After the questions were through, Tamara & I were sent out while the council deliberated and then voted. We were called back in a short while later to find that the vote had been unanimous - I was to be ordained as a minister in the Baptist General Conference!
Several days later, on May 26th (also my anniversary), I was officially ordained during the evening service at our church. Our pastor, Craig Harrison, explained the process of ordination and then called me up on stage to interview me. After this, I was given the mike and made some remarks of my own before being presented with my certificate. One of the most powerful parts of the ceremony came after this, when family and friends came up on stage to lay hands on Tamara and me and pray for our future ministry.
As thrilling as the ordination was, I was still busy with school and with finishing up my final round of classes. Those of you who know me know about the trials and tribulations that have come with my attempts to learn Greek, and this final quarter was no exception. I was in the middle of Intermediate Greek and it seemed as though I was just keeping my head above water. I eventually took my final exam, and even though I didn't score very well (I think I got a 55%), it was enough to earn me a C- for the course. Not one of my better grades, but as they say, "C's get degrees!"
I ended up with a 3.26 GPA, which is much better than I did in college, and no doubt expresses the seriousness with which I am undertaking my new profession as a chaplain and minister of God's word.
Finally, on June 12th, Bethel Seminary held its commencement exercise at College Avenue Baptist Church in San Diego. My folks flew out for the graduation, as did my oldest brother Tim, which was quite a welcome surprise for us. It was a great feeling of accomplishment, as it was the result of four years of hard work and sacrifice - both in terms of time and finances.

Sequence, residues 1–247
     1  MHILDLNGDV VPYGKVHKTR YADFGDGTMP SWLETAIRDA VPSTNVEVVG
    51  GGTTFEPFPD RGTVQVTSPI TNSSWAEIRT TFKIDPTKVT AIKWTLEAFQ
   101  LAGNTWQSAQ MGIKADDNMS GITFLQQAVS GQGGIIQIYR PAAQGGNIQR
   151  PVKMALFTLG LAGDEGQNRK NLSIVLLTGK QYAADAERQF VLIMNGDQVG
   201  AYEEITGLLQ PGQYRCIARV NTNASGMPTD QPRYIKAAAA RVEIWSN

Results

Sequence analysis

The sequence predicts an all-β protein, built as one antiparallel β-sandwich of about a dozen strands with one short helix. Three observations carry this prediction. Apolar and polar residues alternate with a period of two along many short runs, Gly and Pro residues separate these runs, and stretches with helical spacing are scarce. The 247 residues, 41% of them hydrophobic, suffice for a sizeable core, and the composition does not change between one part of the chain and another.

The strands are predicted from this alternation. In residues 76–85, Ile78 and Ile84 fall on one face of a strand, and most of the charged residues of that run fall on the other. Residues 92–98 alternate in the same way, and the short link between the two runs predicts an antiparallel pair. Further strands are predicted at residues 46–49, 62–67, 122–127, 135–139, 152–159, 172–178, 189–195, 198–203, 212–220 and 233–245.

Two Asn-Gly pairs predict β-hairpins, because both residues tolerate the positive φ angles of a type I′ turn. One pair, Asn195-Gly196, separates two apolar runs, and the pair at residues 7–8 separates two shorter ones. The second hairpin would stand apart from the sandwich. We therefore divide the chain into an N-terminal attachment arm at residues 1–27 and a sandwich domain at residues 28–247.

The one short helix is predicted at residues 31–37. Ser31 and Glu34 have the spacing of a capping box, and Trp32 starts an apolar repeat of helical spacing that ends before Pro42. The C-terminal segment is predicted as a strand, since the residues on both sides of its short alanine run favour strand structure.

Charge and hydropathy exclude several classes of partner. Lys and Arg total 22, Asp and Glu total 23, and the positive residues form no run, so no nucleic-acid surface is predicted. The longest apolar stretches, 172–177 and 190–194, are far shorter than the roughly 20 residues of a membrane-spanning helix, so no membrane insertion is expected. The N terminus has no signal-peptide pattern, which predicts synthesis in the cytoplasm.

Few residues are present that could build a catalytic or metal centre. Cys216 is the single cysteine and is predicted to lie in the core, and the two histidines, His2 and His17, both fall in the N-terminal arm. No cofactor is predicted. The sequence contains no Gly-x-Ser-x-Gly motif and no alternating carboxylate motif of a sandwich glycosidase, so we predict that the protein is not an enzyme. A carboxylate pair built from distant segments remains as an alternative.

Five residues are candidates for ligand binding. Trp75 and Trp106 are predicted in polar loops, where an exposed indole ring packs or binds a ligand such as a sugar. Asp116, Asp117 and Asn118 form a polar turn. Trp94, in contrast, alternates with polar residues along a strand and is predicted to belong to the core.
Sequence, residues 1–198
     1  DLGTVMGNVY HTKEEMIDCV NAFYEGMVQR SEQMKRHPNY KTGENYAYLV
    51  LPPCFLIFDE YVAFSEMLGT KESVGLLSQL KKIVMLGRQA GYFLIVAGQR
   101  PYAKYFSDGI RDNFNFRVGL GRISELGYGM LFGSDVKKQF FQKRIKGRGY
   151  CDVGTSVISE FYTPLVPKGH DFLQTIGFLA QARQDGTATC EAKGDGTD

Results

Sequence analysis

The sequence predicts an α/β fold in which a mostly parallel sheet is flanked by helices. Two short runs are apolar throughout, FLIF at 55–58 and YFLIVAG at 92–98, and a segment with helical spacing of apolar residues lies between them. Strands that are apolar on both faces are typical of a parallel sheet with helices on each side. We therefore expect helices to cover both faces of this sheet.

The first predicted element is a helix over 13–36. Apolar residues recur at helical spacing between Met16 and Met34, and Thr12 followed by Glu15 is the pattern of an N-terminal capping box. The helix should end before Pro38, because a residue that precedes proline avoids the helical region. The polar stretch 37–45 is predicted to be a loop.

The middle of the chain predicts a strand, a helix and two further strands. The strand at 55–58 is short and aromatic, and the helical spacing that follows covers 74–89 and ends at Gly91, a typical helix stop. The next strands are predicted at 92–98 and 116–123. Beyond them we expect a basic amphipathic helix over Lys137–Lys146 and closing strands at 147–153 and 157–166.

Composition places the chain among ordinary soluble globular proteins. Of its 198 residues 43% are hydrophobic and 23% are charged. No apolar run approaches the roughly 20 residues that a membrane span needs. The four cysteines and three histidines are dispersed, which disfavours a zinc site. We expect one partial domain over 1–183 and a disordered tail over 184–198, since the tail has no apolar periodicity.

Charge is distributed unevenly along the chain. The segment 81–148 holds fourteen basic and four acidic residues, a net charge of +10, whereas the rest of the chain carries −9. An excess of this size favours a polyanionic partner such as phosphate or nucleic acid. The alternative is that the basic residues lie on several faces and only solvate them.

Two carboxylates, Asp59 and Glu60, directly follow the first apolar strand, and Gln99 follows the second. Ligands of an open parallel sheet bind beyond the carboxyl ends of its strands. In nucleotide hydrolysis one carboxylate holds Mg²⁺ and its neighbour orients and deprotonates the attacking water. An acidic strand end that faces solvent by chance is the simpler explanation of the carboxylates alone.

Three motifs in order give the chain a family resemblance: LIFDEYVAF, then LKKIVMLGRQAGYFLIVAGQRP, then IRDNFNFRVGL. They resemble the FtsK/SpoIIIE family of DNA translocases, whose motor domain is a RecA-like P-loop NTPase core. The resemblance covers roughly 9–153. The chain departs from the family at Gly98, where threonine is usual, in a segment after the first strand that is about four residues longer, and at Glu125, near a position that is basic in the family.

The day after graduation Tamara & I left for a well-deserved vacation while Mom & Dad willingly looked after Rachel & Dash. We took the train up to Santa Barbara and spent several days up there relaxing and sightseeing. What a gorgeous area! We had booked our stay at the Doubletree Resort, and due to a minor mishap were offered a free upgrade -- to a ginormous suite overlooking the beach! We were so thrilled with our new accommodations that we had to call back and see if we could have an extra day to enjoy ourselves, which was graciously given.
So, May and June will stand out in my memory as transformative months - from student to pastor, from struggles to success. We humbly give God the glory for the great things He has done, and we look forward with eager anticipation to see where He will guide us from here.
Friday, May 14, 2010
One example of that occurred yesterday.
Back in October, I had filed for unemployment insurance right away, but was unable to complete the application as I had not yet received my DD214 (discharge papers) from the Guard at that time. The agent told me not to worry, that I could call back when I got them and my claim would be processed with the original filing date. I finally received my DD214 in December, and immediately tried to complete my application - only to be told that they had no record of any previous filing and that my "start date" for benefits would be that day - nearly two months later. I was told that I could appeal their decision, which I did.